Ryancare and the Tea Party

Journalists covering Romney’s new position in favor of the Ryan Medicare plan have focused on how this will be a boon for Democrats if Romney gets the nomination.  “The reason this matters: It will give Dems a weapon in the general election against Romney,” says Greg Sargent, blogging at the Washington Post.

That may be the case. But Romney’s move may not even help him with conservatives, at least judging by our interviews with Tea Party activists. Tea Party members we spoke to perceived Mitt Romney as a flip-flopper, and were unconvinced by his policy changes. They also took electability very seriously, prizing above all a candidate who could beat President Obama.

Tea Partiers’ opinions of Romney’s politics were pretty mainstream, often perceiving him as an uncompelling candidate who had switched his positions too frequently. Those we spoke to were aware that Romney had tried to blur his earlier support for a health bill similar to “Obamacare.” A typical comment came from Ellen: “I think that Mitt Romney is just not very charismatic.    Also there’s the Massachusetts health care.” Aware of Romney’s rapidly evolving views, these activists are unlikely to be swayed by yet another change in platform.

Moreover, though Tea Partiers are often portrayed as impractical ideologues, and they do hold inaccurate views of many policy areas, they can be extremely pragmatic about politics. And they have one overarching political goal: getting rid of President Obama. As James told us, “Mitt Romney – he’s alright.  I think he’s alright – he’s not quite conservative enough – but we have to get Obama out.”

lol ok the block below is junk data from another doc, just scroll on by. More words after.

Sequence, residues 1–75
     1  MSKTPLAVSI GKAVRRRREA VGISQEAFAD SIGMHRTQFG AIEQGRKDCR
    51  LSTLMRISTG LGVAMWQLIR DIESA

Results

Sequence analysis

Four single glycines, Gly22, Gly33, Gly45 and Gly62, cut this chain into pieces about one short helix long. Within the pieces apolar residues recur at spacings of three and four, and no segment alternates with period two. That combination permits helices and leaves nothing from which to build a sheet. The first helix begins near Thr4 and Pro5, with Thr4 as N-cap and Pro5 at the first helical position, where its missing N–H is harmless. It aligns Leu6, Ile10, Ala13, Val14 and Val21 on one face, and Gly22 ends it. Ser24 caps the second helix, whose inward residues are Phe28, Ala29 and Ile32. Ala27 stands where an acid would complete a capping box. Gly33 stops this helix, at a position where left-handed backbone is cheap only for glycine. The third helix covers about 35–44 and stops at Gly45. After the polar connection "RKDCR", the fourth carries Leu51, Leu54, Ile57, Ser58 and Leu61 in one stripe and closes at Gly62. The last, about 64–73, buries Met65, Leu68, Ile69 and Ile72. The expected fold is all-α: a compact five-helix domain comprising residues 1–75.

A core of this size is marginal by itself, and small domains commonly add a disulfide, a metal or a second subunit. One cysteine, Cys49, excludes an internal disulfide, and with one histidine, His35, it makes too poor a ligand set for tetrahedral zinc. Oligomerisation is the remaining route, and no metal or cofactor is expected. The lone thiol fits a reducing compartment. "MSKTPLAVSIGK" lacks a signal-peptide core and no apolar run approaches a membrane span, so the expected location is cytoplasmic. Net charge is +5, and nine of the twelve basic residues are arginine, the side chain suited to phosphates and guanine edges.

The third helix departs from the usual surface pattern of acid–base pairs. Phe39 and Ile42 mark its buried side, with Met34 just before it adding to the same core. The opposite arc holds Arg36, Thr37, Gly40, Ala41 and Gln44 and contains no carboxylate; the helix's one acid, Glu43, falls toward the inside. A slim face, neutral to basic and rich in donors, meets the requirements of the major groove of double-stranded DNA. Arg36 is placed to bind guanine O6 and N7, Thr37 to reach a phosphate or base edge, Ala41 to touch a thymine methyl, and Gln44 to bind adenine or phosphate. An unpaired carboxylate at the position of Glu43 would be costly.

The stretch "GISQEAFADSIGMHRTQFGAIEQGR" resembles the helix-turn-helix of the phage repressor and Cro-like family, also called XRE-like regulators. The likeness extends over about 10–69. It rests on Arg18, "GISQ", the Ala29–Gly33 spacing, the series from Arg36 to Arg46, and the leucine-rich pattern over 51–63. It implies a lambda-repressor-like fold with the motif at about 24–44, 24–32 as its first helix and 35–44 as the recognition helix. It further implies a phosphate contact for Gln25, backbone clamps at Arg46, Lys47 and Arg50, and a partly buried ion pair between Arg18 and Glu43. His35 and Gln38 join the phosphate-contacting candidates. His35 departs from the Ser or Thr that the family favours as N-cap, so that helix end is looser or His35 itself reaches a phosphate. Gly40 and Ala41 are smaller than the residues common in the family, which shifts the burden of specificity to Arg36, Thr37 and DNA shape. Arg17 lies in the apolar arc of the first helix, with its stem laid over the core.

This was not an unusual comment. Again and again, Tea Party activists took electability into account when considering presidential candidates – even candidates they were fond of. In our interviews a year ago, when Sarah Palin was a contender, several Tea Partiers made a careful distinction:

  • “Sarah Palin I like, but I don’t think she’s electable.”
  • “I like Sarah Palin, but she polarizes people and the media hates her.  I think she can do more speaking.”
  • “I love Sarah Palin, but there’s no way.”

Tea Partiers were fully aware of the broader perceptions of Sarah Palin, and those impressions had a major impact on their assessment of her candidacy.  If Mitt Romney has damaged his electability by seeking the more conservative position, he’s unlikely to have made any friends in grassroots Tea Party circles.

In sum: Democrats may not be the only ones to benefit from Romney’s embrace of a widely unpopular policy. Newt Gingrich may get a boost as well.

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